A radical review of the proposed memorial at the site of the destroyed World Trade Center began on Friday after it emerged that the current plans could cost US$1 billion to complete.
The projected price -- double the estimate given in January by New York Governor George Pataki -- was received with disbelief in the city. It prompted Mayor Michael Bloomberg to step in to try to limit the cost.
"There's just not an unlimited amount of money that we can spend on a memorial," Bloomberg said.
The New York Daily News condemned the US$1 billion figure as "unaffordable, impractical [and] rather shocking." The New York Times, which obtained a confidential memo revealing the estimate, called it "breathtaking."
Even at its original estimated cost of US$490 million, the design -- Reflecting Absence, by the architect Michael Arad -- was by far the most expensive memorial in US history. Maya Lin's Vietnam Veterans Memorial, a black granite wall in Washington, cost US$7 million. Taking inflation into account, US$1 billion would be more than a quarter of the original cost of the twin towers that were destroyed in 2001.
Arad's proposal, which beat 5,200 other entries in an international competition, calls for two sunken pools on the footprints of the towers, with ramps leading underground to lists of victims and ultimately down to the bedrock on which the skyscrapers were built.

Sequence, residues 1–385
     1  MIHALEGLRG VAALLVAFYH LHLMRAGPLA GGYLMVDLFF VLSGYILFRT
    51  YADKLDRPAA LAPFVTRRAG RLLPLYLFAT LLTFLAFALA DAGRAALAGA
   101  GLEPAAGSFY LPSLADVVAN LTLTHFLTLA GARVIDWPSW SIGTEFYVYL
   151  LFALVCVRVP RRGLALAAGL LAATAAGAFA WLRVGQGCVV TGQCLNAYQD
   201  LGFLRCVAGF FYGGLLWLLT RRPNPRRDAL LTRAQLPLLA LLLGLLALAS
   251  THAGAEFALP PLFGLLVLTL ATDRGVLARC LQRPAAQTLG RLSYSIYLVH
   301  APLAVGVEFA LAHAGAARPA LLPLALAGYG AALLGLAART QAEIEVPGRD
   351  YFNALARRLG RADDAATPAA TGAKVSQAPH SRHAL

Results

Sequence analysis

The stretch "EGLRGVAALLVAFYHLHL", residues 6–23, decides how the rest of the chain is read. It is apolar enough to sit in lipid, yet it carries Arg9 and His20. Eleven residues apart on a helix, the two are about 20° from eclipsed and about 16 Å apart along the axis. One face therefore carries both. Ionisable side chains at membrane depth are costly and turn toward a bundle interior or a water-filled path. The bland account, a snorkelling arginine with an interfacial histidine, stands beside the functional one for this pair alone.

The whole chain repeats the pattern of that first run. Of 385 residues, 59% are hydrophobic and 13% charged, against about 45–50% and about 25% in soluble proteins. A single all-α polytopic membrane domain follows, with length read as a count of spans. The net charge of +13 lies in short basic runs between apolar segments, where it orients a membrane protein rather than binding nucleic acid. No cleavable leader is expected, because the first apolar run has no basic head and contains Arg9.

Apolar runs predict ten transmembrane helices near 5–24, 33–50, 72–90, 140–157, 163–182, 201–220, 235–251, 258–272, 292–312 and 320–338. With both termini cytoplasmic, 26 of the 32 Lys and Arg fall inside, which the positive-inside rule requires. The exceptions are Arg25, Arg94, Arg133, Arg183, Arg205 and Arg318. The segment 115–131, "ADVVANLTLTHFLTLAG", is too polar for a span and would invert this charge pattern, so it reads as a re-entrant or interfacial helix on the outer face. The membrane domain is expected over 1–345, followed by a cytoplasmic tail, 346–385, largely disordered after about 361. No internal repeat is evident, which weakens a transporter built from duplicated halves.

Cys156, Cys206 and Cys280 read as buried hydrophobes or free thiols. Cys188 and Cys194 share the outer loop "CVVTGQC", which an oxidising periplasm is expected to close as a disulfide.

The World Trade Center Memorial Foundation is thought to have raised only US$130 million. Along with an injection of state and city funds, that would put the maximum feasible budget at about US$500 million.
Bloomberg said that he had reached agreement with the governor and New Jersey -- the state co-owning the site -- that US$500 million was the sum "they're going to have to learn to figure out how to deal with."
The broader process of redevelopment at Ground Zero appeared to have reached a more hopeful stage last week when city and state authorities reached a deal with Larry Silverstein, who owned the lease on the destroyed towers, allowing construction of Daniel Libeskind's Freedom Tower to begin there.
A coalition of bereaved families, however, has been suing the foundation in an effort to halt Arad's design, arguing that the plan does not do enough to honor their relatives.